A shopper at Old Navy in Denver, Colorado, chooses shirts in the kids’ section.

Brent Lewis | Denver Post | Getty Images

By eliminating student debt relief on Friday, the U.S. Supreme Court didn’t just add huge spending to millions of Americans’ budgets.It also presents the latest challenge for retailers It is already difficult to predict how consumers will spend in the coming months.

The court ruling crushed President Joe Biden’s plan to forgive up to $20,000 of federal student loan debt per borrower. After a more than three-year pause due to the pandemic, student loans have taken a larger share of the budget this fall as payments and accrued interest resume.

The opinion means that as those payments resume, outstanding loan balances will be higher than if the court ruled in Biden’s favor. According to the White House, the program would eliminate all debt for nearly 45 percent of borrowers, or about 20 million people.

The chargebacks are another disruption for the roughly 40 million Americans with student loans at a time when consumers are acting more cautiously. Nearly all Americans say they are cutting spending in some way, according to a recent CNBC and Morning Consult survey. retailers, including Walmart, Target, The Home Depot, hook up and foot cabinetindicating that customers are reducing their purchases of big-ticket items in favor of lower-priced private label brands.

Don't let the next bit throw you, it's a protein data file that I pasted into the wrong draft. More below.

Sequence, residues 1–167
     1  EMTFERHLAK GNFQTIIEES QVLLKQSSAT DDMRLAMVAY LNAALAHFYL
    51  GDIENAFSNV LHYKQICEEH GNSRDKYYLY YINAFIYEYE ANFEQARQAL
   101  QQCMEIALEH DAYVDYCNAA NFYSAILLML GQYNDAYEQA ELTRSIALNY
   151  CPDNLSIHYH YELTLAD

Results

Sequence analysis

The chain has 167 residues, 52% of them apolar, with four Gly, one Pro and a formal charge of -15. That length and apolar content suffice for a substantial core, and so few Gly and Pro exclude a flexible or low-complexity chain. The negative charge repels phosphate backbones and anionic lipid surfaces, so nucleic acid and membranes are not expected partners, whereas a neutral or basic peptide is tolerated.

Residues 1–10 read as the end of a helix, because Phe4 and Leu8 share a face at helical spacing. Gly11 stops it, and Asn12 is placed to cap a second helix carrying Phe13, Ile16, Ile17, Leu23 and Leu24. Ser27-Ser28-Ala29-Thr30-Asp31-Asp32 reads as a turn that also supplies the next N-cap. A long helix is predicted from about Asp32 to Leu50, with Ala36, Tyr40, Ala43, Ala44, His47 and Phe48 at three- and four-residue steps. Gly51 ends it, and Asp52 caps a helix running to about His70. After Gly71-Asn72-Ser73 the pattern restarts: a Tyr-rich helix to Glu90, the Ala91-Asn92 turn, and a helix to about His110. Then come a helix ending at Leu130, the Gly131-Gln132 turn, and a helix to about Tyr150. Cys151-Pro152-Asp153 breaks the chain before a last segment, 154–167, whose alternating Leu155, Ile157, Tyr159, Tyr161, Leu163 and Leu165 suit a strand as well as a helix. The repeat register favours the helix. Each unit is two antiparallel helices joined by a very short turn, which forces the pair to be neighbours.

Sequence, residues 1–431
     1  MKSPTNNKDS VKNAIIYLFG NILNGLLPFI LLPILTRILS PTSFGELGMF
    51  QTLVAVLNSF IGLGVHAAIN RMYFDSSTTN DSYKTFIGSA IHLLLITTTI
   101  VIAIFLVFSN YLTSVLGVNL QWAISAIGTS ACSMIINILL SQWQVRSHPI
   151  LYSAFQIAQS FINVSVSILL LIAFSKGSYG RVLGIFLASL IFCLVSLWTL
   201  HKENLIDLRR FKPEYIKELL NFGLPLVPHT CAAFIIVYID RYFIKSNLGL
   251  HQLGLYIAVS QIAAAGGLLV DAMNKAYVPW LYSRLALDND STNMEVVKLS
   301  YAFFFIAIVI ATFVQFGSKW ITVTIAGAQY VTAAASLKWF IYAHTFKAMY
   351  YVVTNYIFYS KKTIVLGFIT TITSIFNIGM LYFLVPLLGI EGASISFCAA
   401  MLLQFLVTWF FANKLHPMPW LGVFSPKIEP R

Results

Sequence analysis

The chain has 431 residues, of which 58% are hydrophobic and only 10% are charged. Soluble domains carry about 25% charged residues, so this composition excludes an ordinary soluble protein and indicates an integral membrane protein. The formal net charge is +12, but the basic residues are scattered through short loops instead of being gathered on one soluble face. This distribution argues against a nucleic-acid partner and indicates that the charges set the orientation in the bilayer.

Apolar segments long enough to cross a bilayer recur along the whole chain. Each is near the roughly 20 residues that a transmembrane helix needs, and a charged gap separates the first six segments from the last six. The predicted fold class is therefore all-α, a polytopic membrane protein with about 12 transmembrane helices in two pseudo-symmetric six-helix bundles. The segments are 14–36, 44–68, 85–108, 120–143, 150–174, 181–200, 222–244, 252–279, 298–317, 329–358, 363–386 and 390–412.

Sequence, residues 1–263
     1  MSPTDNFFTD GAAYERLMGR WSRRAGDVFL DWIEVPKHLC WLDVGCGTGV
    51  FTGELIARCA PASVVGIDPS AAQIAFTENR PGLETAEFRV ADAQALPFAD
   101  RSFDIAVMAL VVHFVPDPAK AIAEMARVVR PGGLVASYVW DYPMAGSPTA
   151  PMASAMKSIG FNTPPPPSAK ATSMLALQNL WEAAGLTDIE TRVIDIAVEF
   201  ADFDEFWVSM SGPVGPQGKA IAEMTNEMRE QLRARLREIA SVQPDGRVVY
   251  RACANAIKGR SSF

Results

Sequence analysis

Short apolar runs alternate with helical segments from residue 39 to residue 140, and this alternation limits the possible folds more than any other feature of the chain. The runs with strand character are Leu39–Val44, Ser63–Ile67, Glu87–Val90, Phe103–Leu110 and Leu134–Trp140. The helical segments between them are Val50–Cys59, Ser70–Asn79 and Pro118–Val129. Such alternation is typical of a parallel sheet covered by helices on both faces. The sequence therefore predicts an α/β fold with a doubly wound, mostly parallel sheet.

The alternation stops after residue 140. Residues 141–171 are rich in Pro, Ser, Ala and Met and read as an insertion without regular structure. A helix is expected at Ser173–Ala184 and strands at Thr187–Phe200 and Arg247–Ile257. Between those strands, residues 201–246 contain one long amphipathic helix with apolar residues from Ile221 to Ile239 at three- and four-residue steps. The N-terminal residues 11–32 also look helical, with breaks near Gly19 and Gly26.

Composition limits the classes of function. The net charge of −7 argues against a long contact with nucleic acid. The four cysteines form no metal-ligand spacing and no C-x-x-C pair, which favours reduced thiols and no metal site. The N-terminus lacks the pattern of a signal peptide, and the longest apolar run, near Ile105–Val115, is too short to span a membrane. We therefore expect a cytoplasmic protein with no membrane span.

The timing of the change could amplify its impact on retailers. Student debt repayments are expected to recover ahead of the all-important back-to-school and holiday seasons.

Brad Thomas, retail analyst at KeyBanc Capital Markets, said loan adjustments won’t “determine whether we’re in a recession.” But he said it could have a psychological impact on indebted Americans, who again face payments of hundreds of dollars a month.

“It was enough to give us an ugly and disappointing holiday compared to expectations,” he said.

‘incredible’